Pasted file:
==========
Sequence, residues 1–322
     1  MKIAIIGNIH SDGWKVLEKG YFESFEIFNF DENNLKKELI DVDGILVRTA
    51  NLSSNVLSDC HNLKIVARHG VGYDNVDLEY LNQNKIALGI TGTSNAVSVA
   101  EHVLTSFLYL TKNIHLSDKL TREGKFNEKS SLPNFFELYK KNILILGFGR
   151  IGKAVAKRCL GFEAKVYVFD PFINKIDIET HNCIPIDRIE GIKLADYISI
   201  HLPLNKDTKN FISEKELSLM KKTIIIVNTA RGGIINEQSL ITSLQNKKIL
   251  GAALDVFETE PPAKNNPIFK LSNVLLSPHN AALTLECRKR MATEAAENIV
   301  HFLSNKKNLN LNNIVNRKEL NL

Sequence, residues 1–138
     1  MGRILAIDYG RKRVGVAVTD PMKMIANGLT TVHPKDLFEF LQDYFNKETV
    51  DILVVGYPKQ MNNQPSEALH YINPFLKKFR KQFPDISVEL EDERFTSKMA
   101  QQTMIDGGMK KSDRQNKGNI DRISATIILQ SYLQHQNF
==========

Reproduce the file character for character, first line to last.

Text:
Sequence, residues 1–322
     1  MKIAIIGNIH SDGWKVLEKG YFESFEIFNF DENNLKKELI DVDGILVRTA
    51  NLSSNVLSDC HNLKIVARHG VGYDNVDLEY LNQNKIALGI TGTSNAVSVA
   101  EHVLTSFLYL TKNIHLSDKL TREGKFNEKS SLPNFFELYK KNILILGFGR
   151  IGKAVAKRCL GFEAKVYVFD PFINKIDIET HNCIPIDRIE GIKLADYISI
   201  HLPLNKDTKN FISEKELSLM KKTIIIVNTA RGGIINEQSL ITSLQNKKIL
   251  GAALDVFETE PPAKNNPIFK LSNVLLSPHN AALTLECRKR MATEAAENIV
   301  HFLSNKKNLN LNNIVNRKEL NL

Sequence, residues 1–138
     1  MGRILAIDYG RKRVGVAVTD PMKMIANGLT TVHPKDLFEF LQDYFNKETV
    51  DILVVGYPKQ MNNQPSEALH YINPFLKKFR KQFPDISVEL EDERFTSKMA
   101  QQTMIDGGMK KSDRQNKGNI DRISATIILQ SYLQHQNF